[INDOLOGY] Sacrificial Tortoise?
H.J.H.Tieken at hum.leidenuniv.nl
Fri Aug 2 08:10:08 UTC 2013
Earlier I tried to send the mail below to the list, but I think that it went only to Dr. Palaniappan. Therefore I try again. H.T.
Dear Professor Hart,
I am not sure if you have properly understood Akananuru 361. In paraphrase: in the poem a traveler is speaking to his heart, that is, to himself. When he started on his journey he managed to convince himself that work was more important than love. During his travels, however, his heart/he could think only of his wife. All he wanted was to go back home. Now that he is almost home he can stop wanting and longing for her.
If there is any “sarcastic intent” involved it concerns the helplessness of the speaker, or rather, the paradoxical situation he finds himself in. As I have argued elsewhere, always look for the paradox (pace the translation of the Sattasaī by Peter Khoroche and me, and my review of Selby's translation of the Aiṅkuṟunūṟu; for exact references, go to my website: hermantieken.com). I am unable to follow you where you make the gods (periyōr) the object of sarcasm. Probably, however, that has to do with the fact that you put the Tamil poets and the representatives of the Sanskrit tradition in entirely different, if not opposite, worlds. Poems like the one under discussion only show that this position is untenable. See in this connection my “Early Tamil poetics between Nāṭyaśāstra and Rāgamālā” published in the proceedings of a seminar held a few years back in Cambridge. I am unable to supply the bibliographical details as I have not received “my” copy of the book as yet.
I am not a specialist of Vedic ritual, but Palaniappan may well be right about the tortoise. Note that according to theNāṭyaśāstra the stage floor, a mimicry of the sacrificial area, may have the form of a tortoise, that is, sloping to the sides. Probably the verb āra in the poem does not mean “eat” but “be happy, satisfied”, in which case periyōr may well refer to the officiating priests.
University of Leiden
Van: INDOLOGY [indology-bounces at list.indology.info] namens George Hart [glhart at berkeley.edu]
Verzonden: donderdag 1 augustus 2013 20:44
To: Indology List
Onderwerp: Re: [INDOLOGY] Sacrificial Tortoise?
Thanks to everyone for intriguing and useful replies. The poem is interesting enough, I think, to quote in its entirety, along with the text (from Project Madurai). I am grateful to V. S. Rajam for pointing out the use of words that is the key to the poem. The original says "flowers that do not char," not "flowers that do not wither," as the commentators would have it, and the gods are described as periyōr, "great ones," probably with sarcastic intent. One can imagine the gods coming and consuming the poor tortoise that has been cooked alive in the pit without even their flowers getting scorched by the heat. It is also notable that the sacrifice is likened to the wilderness, a barren, uncivilized place, while the pond from which the tortoise has been taken is compared to the civilized, family life that the hero has left behind. I would certainly agree with Jean-Luc that our sympathies are supposed to be with the tortoise. George
The hero, who has left (the heroine) to go for wealth, speaks to his heart as he is going.
As they dart on her lovely face, the cool, exuberant eyes of my woman
are like dark-petaled waterlily flowers tied together
over the pure flower of a lotus. Her wrists wear fine bangles, her lips are beautiful.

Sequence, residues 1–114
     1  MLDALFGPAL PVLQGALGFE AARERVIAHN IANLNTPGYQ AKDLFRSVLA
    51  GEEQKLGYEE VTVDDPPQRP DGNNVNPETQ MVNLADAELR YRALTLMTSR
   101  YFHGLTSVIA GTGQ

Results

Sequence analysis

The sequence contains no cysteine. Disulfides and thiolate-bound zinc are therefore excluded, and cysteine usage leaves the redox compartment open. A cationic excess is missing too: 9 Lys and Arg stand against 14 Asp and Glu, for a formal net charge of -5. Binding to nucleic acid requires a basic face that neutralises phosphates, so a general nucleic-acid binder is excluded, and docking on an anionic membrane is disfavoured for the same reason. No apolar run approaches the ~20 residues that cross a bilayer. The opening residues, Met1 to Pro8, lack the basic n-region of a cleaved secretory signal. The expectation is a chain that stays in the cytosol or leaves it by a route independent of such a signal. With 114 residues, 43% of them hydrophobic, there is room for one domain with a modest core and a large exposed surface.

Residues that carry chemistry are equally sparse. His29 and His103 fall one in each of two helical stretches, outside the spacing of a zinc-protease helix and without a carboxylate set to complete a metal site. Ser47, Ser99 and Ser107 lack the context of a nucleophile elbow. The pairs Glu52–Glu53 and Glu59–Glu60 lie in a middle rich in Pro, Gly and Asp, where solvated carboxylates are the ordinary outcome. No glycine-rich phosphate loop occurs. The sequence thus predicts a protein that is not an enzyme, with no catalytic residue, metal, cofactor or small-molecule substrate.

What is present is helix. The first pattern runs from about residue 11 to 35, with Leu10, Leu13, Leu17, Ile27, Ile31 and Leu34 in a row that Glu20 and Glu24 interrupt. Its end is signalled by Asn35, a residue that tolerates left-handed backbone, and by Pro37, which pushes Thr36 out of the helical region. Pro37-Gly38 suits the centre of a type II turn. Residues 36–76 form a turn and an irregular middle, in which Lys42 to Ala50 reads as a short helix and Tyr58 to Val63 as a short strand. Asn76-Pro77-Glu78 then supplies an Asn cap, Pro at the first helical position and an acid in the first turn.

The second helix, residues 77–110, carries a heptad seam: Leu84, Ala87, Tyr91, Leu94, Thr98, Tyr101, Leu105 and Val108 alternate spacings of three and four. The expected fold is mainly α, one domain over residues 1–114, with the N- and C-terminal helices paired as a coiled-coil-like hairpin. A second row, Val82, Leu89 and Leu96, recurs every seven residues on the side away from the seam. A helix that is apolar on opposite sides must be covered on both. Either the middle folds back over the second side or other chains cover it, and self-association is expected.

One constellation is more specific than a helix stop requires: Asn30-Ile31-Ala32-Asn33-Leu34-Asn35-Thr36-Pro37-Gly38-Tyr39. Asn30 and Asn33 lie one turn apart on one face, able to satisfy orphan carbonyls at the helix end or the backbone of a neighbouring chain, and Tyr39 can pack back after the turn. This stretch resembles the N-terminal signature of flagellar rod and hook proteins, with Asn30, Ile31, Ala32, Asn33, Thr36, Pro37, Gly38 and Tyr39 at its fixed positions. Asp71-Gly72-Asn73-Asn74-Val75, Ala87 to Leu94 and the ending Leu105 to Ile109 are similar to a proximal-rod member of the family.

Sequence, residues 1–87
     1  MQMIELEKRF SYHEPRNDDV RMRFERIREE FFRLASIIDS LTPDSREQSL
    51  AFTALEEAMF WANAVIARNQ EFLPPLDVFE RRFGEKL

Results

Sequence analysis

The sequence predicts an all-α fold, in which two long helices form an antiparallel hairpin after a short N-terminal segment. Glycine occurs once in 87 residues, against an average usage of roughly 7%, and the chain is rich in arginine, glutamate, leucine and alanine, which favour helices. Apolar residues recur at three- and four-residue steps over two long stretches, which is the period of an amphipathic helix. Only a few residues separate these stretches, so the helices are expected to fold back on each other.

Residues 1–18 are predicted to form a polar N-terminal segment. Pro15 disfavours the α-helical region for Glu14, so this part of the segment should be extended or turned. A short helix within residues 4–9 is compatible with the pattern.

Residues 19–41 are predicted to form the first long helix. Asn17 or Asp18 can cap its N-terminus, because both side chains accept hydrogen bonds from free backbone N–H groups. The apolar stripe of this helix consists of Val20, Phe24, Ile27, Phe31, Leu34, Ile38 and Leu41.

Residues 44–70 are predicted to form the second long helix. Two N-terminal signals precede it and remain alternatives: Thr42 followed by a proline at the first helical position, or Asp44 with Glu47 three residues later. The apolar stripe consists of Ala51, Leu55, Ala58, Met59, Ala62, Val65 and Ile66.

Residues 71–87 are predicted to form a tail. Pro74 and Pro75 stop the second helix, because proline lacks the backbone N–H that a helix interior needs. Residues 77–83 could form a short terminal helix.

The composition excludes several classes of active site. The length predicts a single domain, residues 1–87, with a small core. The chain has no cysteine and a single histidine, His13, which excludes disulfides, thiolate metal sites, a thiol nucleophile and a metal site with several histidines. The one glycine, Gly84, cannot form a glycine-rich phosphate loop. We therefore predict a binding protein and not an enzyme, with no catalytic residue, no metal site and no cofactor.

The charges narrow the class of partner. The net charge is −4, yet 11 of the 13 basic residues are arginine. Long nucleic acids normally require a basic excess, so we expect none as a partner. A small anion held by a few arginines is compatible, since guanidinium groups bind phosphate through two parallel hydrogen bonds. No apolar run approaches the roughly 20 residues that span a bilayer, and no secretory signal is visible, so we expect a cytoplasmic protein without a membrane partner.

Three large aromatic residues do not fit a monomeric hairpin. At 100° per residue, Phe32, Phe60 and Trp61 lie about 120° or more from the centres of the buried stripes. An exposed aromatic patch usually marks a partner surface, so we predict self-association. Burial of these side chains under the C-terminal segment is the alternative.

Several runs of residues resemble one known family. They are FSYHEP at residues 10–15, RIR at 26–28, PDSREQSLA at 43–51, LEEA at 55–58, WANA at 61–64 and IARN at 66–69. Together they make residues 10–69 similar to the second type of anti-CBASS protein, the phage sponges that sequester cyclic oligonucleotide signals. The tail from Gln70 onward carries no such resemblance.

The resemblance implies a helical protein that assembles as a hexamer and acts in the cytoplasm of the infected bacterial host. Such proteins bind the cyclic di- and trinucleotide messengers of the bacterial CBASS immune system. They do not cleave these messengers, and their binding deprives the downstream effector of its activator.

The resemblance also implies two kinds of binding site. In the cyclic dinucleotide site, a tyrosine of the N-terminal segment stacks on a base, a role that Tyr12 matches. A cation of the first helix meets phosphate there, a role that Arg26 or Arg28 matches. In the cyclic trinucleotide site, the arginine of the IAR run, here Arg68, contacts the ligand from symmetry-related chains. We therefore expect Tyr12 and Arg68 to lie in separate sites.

She gets angry if there is even the distance of a thread separating us
when I embrace her ample breasts encircled by a band. 5
But when I told you kindly that there is nothing more wonderful
than knowing the joy of such great passion, you didn’t agree,
O deluded heart so anxious to acquire wealth!
Now, you must not be like the tortoise longing to go
to its wide, shadowed pond after it’s been put in a fiery sacrificial pit 10
as food for the great beings whose flowers never char in the heat.
You must stop thinking of the arms
of our woman whose words are few,
whose teeth are like thorns,
for we have suffered and crossed into the wide wasteland 15
filled with mountains and burning hills.
Eyiṉantai Makaṉār Iḷaṅkīraṉār
This poem seems to be a subtle but effective put-down of the Vedic sacrifice, perhaps because its author was influenced by Jaina or Buddhist thought. It is notable that the sacrificial pit with its fire is compared to the wilderness while the tortoise who is about to be burned alive normally lives in a place likened to civilized, family life.
5. “Band” is vār, which was apparently tied around the breasts to keep them from sagging, much like a brassiere.
9. “You must not be” is added.
11. One of the characteristics of the gods in Hinduism is that their garlands never fade. “Great beings” is periyōr, “great ones,” probably used here with sarcastic intent, and “never char” is kariyā, which the commentaries take as “unwithering” (even though that is not one of its meanings). I am grateful to V. S. Rajam for pointing out that the commentators seem to have missed the sarcastic intent here. One can imagine the gods coming and consuming the poor tortoise that has been cooked alive in the pit without even their flowers getting scorched by the heat.
மாஇதழ்க் குவளை மலர்பிணைத் தன்ன
திருமுகத்து அலமரும் பெருமதர் மழைக்கண்
அணிவளை முன்கை ஆயிதழ் மடந்தை
வார்முலை முற்றத்து நூலிடை விலங்கினும் 5
கவவுப்புலந்து உறையும் கழிபெருங் காமத்து
இன்புறு நுகர்ச்சியிற் சிறந்ததொன்று இல்லென
அன்பால் மொழிந்த என்மொழி கொள்ளாய்
பொருள்புரி வுண்ட மருளி நெஞ்சே!-
கரியாப் பூவின் பெரியோர் ஆர 10
அழலெழு தித்தியம் மடுத்த யாமை
நிழலுடை நெடுங்கயம் புகல்வேட் டாஅங்கு
உள்ளுதல் ஓம்புமதி இனிநீ முள்ளெயிற்றுச்
சின்மொழி அரிவை தோளே- பன்மலை
வெவ்வறை மருங்கின் வியன்சுரம்
எவ்வம் கூர இறந்தனம் யாமே! 16
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